You’re worried about how to address your child’s latest developmental challenge; dreading having to plan a dinner that meets everyone’s preferences and won’t take two hours to prepare; dwelling on that hurtful thing your friend texted; feeling sad at how disconnected you’ve been from your partner; wondering what your boss is going to say if you don’t meet your deadline; annoyed by that strange sound outside; and trying to figure out who you can ask to watch the kids while you sneak out for a haircut this weekend. Whew. Exhausting.
This kind of unchecked emotional overwhelm, rumination, and overstimulation is a hallmark of empaths/highly sensitive people (HSPs). Our personalities leave us vulnerable to taking in too much information (energy, emotions, sensory details) and having trouble stopping ourselves from processing that information to the point of exhaustion and burnout.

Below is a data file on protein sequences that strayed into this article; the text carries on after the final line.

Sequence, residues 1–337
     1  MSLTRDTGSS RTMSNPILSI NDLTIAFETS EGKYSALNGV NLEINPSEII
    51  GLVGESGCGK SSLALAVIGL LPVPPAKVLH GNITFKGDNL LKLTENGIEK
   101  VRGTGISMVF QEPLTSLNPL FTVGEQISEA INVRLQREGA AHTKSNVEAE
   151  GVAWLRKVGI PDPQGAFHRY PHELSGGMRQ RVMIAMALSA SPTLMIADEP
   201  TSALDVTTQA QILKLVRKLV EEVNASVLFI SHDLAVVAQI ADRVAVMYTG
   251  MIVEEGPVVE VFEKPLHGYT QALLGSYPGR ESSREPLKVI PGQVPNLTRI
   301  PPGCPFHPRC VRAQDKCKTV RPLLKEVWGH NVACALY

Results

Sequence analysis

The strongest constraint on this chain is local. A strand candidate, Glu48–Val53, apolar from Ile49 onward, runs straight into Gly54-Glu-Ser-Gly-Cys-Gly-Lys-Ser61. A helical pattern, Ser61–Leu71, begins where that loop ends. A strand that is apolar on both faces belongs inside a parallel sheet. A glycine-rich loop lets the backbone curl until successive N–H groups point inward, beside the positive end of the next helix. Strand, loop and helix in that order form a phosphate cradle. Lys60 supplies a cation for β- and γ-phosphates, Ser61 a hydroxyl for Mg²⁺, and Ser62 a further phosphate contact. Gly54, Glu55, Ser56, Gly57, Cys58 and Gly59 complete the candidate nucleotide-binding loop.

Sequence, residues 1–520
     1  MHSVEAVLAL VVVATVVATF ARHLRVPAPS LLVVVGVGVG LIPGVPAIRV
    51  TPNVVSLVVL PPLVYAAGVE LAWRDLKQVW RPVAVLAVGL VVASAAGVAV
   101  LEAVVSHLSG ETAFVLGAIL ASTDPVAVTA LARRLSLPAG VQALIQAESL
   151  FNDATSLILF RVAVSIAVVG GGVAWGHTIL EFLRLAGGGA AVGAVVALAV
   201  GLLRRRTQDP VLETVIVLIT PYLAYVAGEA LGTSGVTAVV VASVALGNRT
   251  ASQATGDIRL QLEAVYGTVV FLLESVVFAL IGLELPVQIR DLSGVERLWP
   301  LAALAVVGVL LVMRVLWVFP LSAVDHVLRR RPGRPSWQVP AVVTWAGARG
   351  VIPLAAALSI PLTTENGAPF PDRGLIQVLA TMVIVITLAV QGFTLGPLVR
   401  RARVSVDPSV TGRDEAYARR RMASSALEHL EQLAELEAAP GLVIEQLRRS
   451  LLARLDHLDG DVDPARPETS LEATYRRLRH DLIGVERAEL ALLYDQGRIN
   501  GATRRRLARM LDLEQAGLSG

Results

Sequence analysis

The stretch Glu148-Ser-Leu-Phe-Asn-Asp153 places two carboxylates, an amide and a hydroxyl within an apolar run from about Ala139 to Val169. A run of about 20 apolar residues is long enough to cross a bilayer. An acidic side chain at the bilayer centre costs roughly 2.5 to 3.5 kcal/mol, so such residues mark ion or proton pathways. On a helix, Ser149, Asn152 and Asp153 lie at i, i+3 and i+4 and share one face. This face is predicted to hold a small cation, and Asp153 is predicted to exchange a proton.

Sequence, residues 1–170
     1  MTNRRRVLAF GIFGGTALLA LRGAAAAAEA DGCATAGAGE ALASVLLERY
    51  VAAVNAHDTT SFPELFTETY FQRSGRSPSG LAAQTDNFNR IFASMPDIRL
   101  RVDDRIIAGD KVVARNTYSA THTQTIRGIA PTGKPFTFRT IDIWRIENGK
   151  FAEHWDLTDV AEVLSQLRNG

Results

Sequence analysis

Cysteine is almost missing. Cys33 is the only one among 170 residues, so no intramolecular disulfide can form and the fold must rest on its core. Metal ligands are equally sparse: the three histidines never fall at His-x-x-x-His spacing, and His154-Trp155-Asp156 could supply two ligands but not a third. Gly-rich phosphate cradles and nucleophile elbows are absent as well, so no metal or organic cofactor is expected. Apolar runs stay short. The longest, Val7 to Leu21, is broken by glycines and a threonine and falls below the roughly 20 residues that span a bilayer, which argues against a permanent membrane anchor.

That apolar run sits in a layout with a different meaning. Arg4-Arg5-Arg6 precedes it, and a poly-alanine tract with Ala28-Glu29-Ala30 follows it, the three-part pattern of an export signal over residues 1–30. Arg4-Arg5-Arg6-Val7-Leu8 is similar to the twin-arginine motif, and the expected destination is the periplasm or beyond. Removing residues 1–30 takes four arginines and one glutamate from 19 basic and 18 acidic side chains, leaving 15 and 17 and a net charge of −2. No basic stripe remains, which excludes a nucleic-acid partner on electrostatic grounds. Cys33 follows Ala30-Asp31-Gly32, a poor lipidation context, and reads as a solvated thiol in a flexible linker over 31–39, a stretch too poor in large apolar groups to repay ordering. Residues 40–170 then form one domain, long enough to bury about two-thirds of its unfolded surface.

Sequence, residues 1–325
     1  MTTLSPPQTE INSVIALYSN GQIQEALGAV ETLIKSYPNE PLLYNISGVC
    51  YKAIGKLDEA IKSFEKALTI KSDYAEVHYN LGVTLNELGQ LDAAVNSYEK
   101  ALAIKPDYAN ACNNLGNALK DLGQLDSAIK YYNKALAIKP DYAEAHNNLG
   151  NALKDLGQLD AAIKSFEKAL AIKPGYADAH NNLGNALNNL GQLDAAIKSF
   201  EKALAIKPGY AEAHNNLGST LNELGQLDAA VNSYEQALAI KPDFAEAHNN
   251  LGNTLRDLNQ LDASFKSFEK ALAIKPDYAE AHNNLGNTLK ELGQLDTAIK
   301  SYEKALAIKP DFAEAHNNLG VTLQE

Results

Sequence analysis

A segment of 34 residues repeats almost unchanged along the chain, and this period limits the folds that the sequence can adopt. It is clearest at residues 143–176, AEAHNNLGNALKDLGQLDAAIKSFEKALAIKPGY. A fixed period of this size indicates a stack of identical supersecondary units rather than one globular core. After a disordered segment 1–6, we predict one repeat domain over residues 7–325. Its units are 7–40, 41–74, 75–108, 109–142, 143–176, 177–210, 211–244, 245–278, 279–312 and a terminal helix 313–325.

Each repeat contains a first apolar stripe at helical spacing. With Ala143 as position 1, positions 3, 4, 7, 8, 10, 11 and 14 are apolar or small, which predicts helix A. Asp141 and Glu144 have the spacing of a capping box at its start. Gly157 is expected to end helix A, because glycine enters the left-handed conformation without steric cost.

It doesn’t have to be that way. Yes, our personalities are what they are, and we will never be able to tune out that excess information. However, there are tools that can help us stop the mental spiral that feeling and thinking so deeply can create. When we practice these tools, we learn how to get out of our heads and into our lives.
Here are three of my favorite tools:
Laugh, Find Joy, and Experience Awe
You’ve probably had at least one moment as a parent where, no matter how angry or frustrated you were feeling, your child did something funny or endearing and melted your heart. I find myself fighting the urge to smile when my son shifts from testing limits to giving me a bear hug or telling me a joke. And that’s because it’s hard to stay locked into our habitual negative spirals when we experience other strong emotions. If we find ways to laugh, feel happy, or be struck by the wonder and amazement of life around us, we pull ourselves into the present moment and out of the overwhelm inside us.